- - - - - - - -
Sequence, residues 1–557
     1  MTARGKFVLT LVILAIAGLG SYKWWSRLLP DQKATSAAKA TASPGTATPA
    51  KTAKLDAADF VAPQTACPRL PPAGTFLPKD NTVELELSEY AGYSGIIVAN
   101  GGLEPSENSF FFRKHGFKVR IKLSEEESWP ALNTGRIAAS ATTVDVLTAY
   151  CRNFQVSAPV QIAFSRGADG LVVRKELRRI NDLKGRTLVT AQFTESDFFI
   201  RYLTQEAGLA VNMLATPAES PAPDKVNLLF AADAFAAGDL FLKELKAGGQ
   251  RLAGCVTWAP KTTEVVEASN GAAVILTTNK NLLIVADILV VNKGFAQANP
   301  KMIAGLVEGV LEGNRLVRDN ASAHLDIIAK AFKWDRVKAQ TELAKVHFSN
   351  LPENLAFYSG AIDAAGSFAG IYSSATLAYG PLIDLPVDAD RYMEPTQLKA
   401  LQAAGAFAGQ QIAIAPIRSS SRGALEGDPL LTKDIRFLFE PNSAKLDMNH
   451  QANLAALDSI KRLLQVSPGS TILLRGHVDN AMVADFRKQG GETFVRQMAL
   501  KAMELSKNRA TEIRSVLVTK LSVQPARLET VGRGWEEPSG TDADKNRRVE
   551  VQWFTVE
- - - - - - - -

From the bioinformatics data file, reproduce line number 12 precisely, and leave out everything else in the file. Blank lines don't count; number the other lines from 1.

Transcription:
   501  KAMELSKNRA TEIRSVLVTK LSVQPARLET VGRGWEEPSG TDADKNRRVE